Thursday, September 2, 2010

Water Well Driller Questions Cheaspeake Energy's Theory in PA

Water extraction facility in Ulster, PA.   These trucks are sucking up the water from the Susquehanna River.
Photo credit:  Carol Manuel

Letter to the Editor, Aug. 29, 2010
Published: August 29, 2010 (The Towanda Daily Review)

Loss of one resource for another?

EDITOR: Being a licensed Pennsylvania water well driller for the past 40 years and being born and raised in the Towanda area, I feel I must respond to the stories I keep reading about the gas drilling companies shifting the blame of water well problems to poor well construction and local water well drilling.

One such story was in this week's Sunday Review (Aug. 22, 2010). And before I begin I want it known that any subsequent mention of the Chesapeake company shows no hostility towards them or their representatives. With mutual respect and dual acknowledgement of experience, I do believe that natural gas extraction and water well drilling can harmoniously coincide in Northeast Pennsylvania.

First of all, if a water well is not constructed properly, there are problems from day one and not 10, 20 even 50 years later. Referring to Sunday's article, Brian Grove of Chesapeake stated he does not believe, the facts, implicate its drilling operations is causing the water issues at hand. We have not spoken with any of the Paradise Road residents, but, the fact is, we have recently received many calls from local homeowners regarding disturbances in their water wells that began after nearby gas drilling activity had started. It doesn't take a rocket scientist to recognize the time line coincidence and figure out gas drilling activity probably has caused these water well issues.

Again referring to the Sunday article, Mr. Grove wrote, affected water wells are drilled into shallow aquifers. Most of our calls pertain to rock wells, but our answer to his comment is, this is Pennsylvania, not Texas! In many local areas, residents depend on the shallow aquifers because the deeper water is salty, or sulfury, and not compatible to human consumption. What a shame to disturb their only potable water resource.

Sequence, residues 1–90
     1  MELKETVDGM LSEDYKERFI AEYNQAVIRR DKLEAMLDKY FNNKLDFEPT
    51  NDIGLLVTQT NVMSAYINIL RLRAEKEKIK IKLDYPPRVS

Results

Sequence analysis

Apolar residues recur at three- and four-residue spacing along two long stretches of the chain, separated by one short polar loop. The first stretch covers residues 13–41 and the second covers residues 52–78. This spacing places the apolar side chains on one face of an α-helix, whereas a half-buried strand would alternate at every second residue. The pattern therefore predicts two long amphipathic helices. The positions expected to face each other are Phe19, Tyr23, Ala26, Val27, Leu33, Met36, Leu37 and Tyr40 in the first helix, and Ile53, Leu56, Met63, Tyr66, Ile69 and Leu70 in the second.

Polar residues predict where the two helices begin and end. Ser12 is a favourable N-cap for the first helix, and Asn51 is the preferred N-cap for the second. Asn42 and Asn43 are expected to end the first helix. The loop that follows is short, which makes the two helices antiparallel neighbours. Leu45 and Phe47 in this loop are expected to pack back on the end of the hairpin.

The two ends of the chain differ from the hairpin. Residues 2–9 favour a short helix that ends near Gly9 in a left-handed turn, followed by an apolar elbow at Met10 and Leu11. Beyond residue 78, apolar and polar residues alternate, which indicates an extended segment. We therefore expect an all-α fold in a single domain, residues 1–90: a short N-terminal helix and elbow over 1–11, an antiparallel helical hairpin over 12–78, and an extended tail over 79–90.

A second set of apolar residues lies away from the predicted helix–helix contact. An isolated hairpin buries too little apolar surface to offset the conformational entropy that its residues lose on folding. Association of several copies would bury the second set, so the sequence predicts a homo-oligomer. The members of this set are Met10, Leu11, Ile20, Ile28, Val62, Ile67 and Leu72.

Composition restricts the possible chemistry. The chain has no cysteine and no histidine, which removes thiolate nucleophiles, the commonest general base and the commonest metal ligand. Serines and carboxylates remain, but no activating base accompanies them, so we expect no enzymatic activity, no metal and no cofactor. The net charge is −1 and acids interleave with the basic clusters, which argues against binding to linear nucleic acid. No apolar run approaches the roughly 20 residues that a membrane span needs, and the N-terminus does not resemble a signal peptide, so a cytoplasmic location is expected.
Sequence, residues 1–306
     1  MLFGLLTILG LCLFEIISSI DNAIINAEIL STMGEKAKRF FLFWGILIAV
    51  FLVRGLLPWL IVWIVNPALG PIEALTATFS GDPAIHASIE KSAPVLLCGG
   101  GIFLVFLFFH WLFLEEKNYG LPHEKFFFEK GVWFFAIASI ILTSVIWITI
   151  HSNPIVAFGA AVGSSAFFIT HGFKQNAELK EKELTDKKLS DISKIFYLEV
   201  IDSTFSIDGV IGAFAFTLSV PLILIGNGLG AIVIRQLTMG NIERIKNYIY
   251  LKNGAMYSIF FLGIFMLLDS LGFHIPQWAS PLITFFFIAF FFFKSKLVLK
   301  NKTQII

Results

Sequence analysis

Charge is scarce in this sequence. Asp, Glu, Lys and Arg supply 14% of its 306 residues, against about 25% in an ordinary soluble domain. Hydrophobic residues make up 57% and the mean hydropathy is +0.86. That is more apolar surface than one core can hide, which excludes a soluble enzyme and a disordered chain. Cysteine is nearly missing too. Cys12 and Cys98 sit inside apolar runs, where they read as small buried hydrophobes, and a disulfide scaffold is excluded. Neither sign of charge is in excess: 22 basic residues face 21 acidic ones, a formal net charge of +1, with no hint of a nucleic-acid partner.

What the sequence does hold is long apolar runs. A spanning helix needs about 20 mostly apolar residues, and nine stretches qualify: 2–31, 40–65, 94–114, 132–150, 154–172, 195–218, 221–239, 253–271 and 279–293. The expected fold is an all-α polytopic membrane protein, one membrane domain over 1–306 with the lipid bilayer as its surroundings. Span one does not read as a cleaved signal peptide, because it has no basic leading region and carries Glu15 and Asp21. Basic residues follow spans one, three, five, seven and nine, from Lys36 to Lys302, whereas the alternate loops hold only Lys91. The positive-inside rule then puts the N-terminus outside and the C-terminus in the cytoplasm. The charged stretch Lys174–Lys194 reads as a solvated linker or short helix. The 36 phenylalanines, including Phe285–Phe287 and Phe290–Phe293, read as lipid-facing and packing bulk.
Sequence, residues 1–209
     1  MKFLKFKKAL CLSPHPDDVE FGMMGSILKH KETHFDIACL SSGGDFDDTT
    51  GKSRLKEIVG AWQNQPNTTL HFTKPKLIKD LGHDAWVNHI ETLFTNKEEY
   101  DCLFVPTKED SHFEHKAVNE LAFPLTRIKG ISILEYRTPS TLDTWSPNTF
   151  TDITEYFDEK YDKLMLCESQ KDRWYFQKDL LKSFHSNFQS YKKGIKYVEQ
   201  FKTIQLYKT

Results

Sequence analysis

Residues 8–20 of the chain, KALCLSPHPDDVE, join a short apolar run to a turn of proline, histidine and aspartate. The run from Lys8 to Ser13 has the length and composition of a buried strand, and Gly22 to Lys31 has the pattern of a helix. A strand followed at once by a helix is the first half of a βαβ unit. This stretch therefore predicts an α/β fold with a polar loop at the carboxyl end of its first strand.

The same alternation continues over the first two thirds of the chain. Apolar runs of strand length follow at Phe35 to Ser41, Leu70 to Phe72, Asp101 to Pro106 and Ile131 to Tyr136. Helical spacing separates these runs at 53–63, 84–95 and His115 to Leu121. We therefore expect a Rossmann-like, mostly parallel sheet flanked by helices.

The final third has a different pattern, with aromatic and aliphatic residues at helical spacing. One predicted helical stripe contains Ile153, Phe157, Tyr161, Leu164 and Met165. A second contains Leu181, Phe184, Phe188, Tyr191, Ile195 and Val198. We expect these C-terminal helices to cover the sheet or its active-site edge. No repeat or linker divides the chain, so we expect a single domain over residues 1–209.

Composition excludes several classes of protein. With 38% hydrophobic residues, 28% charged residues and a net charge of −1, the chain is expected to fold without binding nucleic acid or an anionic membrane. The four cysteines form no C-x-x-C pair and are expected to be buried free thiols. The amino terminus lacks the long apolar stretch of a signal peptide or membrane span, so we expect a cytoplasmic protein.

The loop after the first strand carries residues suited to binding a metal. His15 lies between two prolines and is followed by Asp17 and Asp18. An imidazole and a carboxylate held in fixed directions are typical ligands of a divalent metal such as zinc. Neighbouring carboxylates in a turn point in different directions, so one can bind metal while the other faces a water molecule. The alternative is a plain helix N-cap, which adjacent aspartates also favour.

And Mr. Grove's insinuation that poor water well construction could be causing current water well issues is a direct disrespect to me, my father before me, and other local reputable water well drillers. Speaking for myself and my father's memory, we have drilled thousands of water wells during decades of business in Northeast Pennsylvania. Our continued good reputation is testimony that we do successfully construct quality water wells. I invite Mr. Grove to call me to discuss well construction but not to come into my hometown and discredit my work. Mr. Grove stated that Chesapeake has offered to drill replacement water wells of "superior construction standards." A recent telephone conversation with Chesapeake representative Larry Wooten makes me question what he means by "superior construction standards?"

Mr. Wooten called in regards to me drilling a replacement well on my neighbor's property. He quizzed me about my practices and prices. When I told him I use a steel drive shoe on the bottom of my casing to seal contaminates from entering the well, he told me they never use them and thought this contaminant seal was an unnecessary added cost. Again, this is Pennsylvania, not Texas. I believe embedding a steel drive shoe into rock formations is necessary to superiorly construct a Pennsylvania water well.

To end, we believe Northeast Pennsylvania is both blessed and cursed by the Marcellus Shale mineral deposits which lie underneath our homes. The excitement of gas lease funding and large drilling rigs coming to our area has been replaced by damaged roads; delayed travel and traffic snarls; streams sucked dry by convoys of trucks, driven by persons foreign to our area, who may skillfully drive Texas flatlands but have difficulty maneuvering our hilly serpentine roadways; residential sweet water invaded by methane that is blowing off well caps; local families displaced by gas workers; and other changes affecting our work and lifestyles.
 Unlike cautious New York state, we think Pennsylvania jumped the gun and has allowed natural gas drilling companies into our area too soon, in too large of numbers, and with too few regulations in place. The saying, you don't know the worth of the water until the well is dry, sounds like a reality to us. Our drinking water is being affected and millions of gallons of water are being extracted from our streams, rivers and municipal wells with insufficient recharge. Well, Sen. Casey, we agree it is high time to protect our water, our people and our future.

Thomas and Loraine Cummings Water Well Drilling

The letter can be viewed as it appeared in the Towanda Daily Review here.

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